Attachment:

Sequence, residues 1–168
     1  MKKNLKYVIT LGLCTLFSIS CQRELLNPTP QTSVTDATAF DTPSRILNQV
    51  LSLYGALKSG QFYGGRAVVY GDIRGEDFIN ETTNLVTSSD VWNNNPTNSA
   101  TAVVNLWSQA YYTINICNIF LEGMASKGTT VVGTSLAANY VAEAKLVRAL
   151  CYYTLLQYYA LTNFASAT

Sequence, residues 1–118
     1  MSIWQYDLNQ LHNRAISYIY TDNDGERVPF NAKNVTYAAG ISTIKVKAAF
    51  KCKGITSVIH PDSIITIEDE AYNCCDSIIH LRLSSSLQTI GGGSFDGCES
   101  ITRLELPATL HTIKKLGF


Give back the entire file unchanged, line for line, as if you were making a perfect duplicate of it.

Sequence, residues 1–168
     1  MKKNLKYVIT LGLCTLFSIS CQRELLNPTP QTSVTDATAF DTPSRILNQV
    51  LSLYGALKSG QFYGGRAVVY GDIRGEDFIN ETTNLVTSSD VWNNNPTNSA
   101  TAVVNLWSQA YYTINICNIF LEGMASKGTT VVGTSLAANY VAEAKLVRAL
   151  CYYTLLQYYA LTNFASAT

Sequence, residues 1–118
     1  MSIWQYDLNQ LHNRAISYIY TDNDGERVPF NAKNVTYAAG ISTIKVKAAF
    51  KCKGITSVIH PDSIITIEDE AYNCCDSIIH LRLSSSLQTI GGGSFDGCES
   101  ITRLELPATL HTIKKLGF